- This article is about the 1994 film. For the play by Alan Bennett, see The Madness of George III (play) and for a 2004 political satire, see The Madness of King George (book).
The Madness of King George is a 1994 film directed by Nicholas Hytner and adapted by Alan Bennett from his own play The Madness of George III. It tells the true story of George III's deteriorating mental health, and his equally declining relationship with his son, the Prince of Wales, particularly focusing on the period around the Regency Crisis of 1788. Modern medicine has suggested that the King's symptoms were the result of porphyria.
The film stars Nigel Hawthorne as George III, Helen Mirren as Queen Charlotte, Ian Holm as Dr. Willis, Rupert Graves as Greville, Amanda Donohoe as Lady Pembroke, Rupert Everett as The Prince of Wales, Julian Rhind-Tutt as The Duke of York, Julian Wadham as George III's Prime Minister William Pitt the Younger, and Jim Carter as Whig MP and leader of the opposition Charles James Fox.
Background and production
Alan Bennett refused to sanction a film version unless Nigel Hawthorne
was given first refusal for the title role after having a highly acclaimed performance in the theatre.
In adapting the play to film, the title was changed from The Madness of George III
to The Madness of King George
. An urban myth
has developed that the title change derives from the fear that American audiences would think the film was a sequel, due to the Roman numerals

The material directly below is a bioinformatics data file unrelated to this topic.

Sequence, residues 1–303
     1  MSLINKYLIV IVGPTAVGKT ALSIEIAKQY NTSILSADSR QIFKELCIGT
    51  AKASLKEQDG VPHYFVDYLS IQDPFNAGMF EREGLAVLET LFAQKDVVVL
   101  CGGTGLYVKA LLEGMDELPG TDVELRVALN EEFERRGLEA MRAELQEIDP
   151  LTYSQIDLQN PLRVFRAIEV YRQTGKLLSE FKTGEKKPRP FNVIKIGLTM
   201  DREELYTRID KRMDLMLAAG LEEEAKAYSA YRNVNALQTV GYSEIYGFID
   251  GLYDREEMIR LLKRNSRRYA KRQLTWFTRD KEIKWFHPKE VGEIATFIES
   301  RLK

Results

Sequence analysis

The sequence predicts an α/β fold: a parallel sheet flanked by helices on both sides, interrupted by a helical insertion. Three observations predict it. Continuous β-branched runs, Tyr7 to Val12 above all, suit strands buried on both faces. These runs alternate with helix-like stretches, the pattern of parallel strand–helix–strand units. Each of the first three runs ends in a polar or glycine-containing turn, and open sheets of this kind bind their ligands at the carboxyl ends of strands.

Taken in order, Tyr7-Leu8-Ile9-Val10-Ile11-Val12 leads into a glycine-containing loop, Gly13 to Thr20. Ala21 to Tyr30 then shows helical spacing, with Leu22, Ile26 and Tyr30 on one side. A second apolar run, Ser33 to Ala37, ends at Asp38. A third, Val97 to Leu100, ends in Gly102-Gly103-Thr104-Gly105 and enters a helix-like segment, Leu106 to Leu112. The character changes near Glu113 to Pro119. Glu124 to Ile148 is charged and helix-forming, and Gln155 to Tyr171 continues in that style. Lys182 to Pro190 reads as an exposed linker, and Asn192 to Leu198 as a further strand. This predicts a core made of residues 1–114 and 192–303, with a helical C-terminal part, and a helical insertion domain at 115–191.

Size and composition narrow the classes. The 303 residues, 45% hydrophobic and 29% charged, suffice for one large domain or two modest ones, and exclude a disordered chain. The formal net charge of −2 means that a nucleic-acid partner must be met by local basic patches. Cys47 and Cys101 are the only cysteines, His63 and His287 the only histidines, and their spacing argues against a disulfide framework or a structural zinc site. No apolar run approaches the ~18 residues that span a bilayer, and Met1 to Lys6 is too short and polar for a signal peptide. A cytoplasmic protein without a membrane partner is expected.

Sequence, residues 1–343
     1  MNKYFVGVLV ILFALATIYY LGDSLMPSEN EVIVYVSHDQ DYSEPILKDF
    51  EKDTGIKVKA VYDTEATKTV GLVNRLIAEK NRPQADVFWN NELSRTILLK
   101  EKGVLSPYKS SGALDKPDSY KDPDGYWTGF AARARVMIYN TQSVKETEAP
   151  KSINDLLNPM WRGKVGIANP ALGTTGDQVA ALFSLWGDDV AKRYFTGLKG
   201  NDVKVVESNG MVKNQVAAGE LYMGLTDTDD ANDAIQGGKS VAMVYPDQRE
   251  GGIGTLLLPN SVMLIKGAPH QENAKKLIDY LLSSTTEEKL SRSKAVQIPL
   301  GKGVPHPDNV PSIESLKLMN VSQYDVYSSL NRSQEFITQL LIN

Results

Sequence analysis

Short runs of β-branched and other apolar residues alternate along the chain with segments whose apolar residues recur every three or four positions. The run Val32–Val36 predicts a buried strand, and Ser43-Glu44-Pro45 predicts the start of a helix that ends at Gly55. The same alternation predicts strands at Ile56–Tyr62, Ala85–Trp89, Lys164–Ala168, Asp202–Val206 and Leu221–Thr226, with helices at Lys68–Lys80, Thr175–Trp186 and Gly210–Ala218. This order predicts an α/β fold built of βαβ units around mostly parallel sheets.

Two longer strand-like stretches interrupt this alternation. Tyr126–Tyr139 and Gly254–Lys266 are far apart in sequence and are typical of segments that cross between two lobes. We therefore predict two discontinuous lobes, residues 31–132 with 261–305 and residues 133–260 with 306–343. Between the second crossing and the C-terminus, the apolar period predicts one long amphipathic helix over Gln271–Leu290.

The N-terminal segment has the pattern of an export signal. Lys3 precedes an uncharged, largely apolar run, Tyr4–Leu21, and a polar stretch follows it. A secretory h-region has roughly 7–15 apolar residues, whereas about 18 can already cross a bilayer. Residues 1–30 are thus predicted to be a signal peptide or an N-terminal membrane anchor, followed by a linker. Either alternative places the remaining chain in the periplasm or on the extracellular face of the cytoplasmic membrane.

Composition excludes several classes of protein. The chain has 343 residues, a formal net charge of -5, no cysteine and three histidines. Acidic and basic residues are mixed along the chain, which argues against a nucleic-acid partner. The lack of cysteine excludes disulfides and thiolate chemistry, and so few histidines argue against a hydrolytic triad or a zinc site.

. However, director Nicholas Hytner has stated that the principal reason was to clarify that this was a film about a king. According to a biography and interview with Nigel Hawthorn however, this was apparently true.
The film was shot at Shepperton Studios
and on location at:
- Arundel Castle, Arundel, West Sussex
- Bodleian Library, Oxford
- Broughton Castle, Banbury, Oxfordshire
- Eton College, Eton, Berkshire
- Royal Naval College, Greenwich
- St. Paul's Cathedral, London
- Syon House, Brentford, Middlesex
- Thame Park, Oxfordshire
- Wilton House, Wilton, Wiltshire
The film deals with the relatively primitive medical practices of the time and the suppositions that physicians made in their efforts to understand the human body.
It also depicts the relative powerlessness of the British monarch in a time when Parliament is supreme. The scene where the King is told what to do by a doctor for the first time (in breach of established protocol) and is restrained in a seat shows the King finally accepting his diminished role despite his protestations that he is the "King of England" and can do as he pleases. After his recovery, he is seen at the end of the film explaining to the Prince of Wales that the role of the royal family is to be seen to be happy, to wave to the crowd, and to be a model to the people of how to behave and conduct oneself.
Awards and nominations
- The film was nominated for a total of 14 BAFTA Awards and won three: the Alexander Korda Award for Best British Film, the Best Actor (Nigel Hawthorne) and the Award for Best Make Up/Hair (Lisa Westcott).
Cannes Film Festival